Canada Goose: A Big, Bold, Beautiful Bird

Rick Lewis--In the early 1900s, Canada Geese were almost extinct, caused mostly by people hunting adults and eggs for food and sport. Once they became a protected species, their population increased slowly.

Canada Goose: A Big, Bold, Beautiful Bird

The Canada Goose (Branta Canadensis) is a bird that many of us know well! Large-bodied with long, black necks and a white-and-black head, they have become common in many of our parks and grasslands. They are usually quite tolerant of humans. The migratory arrival and departure of Canada Geese in the Bay Area used to be considered a symbol of the changing seasons. “Honking” as they fly in their easy-to-see V formation, many geese still migrate to breeding grounds to the north. However, Canada Geese started living in the Bay Area year-round in the 1950s. Nesting ramped up by the 1990s and continues to increase today.

Many bird species will migrate no matter what, but Canada Geese have quickly adapted to their changing environment. With an increase in their food supply in Bay Area wintering grounds, such as large areas of turf grass close to ponds, reservoirs, and the Bay, why migrate if they can breed here? In semi-urban areas such as Crab Cove, the lack of large predators like coyotes and bobcats makes it a much safer place to raise their young.

Adults usually mate for life, which can be 10 to 24 years! Their nests are bowl-shaped, with three to 10 eggs on the ground in a sheltered location. The yellow, downy-feathered hatchlings can walk and swim almost immediately, and the family will stay together for nearly one year. At Crab Cove and other parks with water sources, baby geese can often be viewed from April through June, bringing much joy to human observers. Both the mother and father goose provide care equally, and when moving to new locations, one adult tends to be in front and the other in back. They defend their babies ferociously, often warning us humans to back off by hissing, and swinging or bobbing their necks.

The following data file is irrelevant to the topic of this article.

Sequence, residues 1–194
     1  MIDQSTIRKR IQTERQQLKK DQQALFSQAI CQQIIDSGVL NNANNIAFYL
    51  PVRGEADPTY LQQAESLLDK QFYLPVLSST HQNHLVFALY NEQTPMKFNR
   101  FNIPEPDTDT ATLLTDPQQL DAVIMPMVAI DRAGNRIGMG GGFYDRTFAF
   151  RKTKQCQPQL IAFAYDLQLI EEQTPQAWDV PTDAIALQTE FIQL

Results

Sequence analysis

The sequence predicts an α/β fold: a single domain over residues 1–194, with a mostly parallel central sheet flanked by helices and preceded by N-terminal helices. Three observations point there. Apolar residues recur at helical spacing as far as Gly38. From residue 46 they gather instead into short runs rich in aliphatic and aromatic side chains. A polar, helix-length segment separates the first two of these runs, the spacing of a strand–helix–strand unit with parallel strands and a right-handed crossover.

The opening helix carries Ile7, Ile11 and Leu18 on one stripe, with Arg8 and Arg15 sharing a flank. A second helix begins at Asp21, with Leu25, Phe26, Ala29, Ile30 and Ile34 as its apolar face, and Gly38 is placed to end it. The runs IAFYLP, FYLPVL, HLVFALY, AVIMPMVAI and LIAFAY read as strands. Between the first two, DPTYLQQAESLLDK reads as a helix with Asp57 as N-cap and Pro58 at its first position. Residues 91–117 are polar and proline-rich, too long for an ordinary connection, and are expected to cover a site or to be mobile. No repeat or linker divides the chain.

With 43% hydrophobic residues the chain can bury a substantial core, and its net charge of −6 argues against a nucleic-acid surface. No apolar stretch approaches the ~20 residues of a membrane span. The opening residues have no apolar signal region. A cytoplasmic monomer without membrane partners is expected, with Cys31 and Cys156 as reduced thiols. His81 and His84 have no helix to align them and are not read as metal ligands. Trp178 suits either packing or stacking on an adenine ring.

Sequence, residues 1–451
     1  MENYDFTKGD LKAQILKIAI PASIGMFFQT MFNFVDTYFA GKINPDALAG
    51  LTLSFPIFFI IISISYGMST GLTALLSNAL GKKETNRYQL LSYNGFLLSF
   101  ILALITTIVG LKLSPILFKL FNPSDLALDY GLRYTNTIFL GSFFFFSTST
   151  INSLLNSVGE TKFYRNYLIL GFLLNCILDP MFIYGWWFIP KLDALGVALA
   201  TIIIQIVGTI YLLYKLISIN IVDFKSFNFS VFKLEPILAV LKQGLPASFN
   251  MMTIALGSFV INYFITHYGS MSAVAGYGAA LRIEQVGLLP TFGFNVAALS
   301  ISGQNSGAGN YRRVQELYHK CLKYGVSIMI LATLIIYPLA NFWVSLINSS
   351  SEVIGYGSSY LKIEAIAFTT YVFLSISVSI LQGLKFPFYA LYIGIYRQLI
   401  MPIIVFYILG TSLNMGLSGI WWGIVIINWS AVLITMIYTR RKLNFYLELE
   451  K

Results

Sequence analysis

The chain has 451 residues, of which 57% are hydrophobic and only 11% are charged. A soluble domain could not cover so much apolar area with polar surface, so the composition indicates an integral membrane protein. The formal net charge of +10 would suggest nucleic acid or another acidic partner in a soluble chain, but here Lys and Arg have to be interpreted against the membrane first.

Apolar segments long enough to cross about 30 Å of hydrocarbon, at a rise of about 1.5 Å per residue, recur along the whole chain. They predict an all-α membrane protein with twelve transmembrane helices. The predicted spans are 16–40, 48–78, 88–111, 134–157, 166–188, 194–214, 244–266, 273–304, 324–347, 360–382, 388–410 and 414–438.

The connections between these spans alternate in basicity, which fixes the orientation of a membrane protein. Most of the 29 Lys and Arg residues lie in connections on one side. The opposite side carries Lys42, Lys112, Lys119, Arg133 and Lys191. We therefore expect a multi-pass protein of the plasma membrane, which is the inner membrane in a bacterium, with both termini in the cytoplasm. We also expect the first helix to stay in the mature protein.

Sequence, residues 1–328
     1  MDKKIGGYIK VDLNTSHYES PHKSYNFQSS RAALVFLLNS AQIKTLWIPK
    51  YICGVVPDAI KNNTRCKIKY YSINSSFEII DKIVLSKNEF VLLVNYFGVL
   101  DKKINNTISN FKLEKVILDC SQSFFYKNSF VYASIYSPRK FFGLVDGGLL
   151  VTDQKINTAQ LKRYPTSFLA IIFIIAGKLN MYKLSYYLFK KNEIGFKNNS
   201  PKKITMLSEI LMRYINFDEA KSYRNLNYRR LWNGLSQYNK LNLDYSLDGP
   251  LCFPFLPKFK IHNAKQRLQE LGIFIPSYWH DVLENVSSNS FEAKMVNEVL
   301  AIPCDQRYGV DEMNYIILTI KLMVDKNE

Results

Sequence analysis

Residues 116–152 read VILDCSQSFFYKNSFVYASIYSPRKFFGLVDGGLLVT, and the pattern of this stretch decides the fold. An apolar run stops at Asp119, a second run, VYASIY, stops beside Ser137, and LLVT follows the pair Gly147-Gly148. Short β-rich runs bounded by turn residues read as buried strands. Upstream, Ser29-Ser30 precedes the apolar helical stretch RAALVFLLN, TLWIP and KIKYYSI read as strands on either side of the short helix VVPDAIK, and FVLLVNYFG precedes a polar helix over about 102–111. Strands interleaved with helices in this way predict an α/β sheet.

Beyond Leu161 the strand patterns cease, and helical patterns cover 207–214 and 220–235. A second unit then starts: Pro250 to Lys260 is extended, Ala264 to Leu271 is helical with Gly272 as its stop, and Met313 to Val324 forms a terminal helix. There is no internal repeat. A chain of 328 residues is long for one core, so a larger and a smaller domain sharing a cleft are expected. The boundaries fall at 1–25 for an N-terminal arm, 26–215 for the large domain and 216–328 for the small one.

We also see baby mallard ducks (Anas platyrhynchos) around the same time at Crab Cove, rivaling the cute factor. Compared to goslings, fewer ducklings survive due to predation by hawks, gulls, herons, raccoons, dogs and cats. The female mallard raises the babies alone, and since she is much smaller than a Canada Goose, it’s harder to defend her ducklings.

Canada Geese can eat a lot of grass, and one study claims they can poop up to 2 pounds per day (other studies suggest it’s typically closer to ½ pound per day). Geese in parks mow and fertilize lawns without charging for their service. But the volume of goose poop can be unsightly and cause consternation, especially on ball fields and locations adjacent to swim areas. Thankfully, goose excrement has a minimal smell and does not seem to produce a high risk of illness when touched directly (still wash hands after touching it). There is more risk of disease when large quantities impact waterways, sometimes causing swimming areas to be closed.

Visitors have a range of perspectives about Canada Geese in East Bay parklands (and in many other areas). Remember that they are a wild, protected, native species that deserves respect. Please never feed them or any wildlife in our parks. Observe and admire them from a distance, especially when goslings are present, and you will be rewarded by the antics of a highly social, entertaining group of birds.

Michael Charnofsky is a Naturalist for the East Bay Regional Park District, based at the Doug Siden Visitor Center at Crab Cove.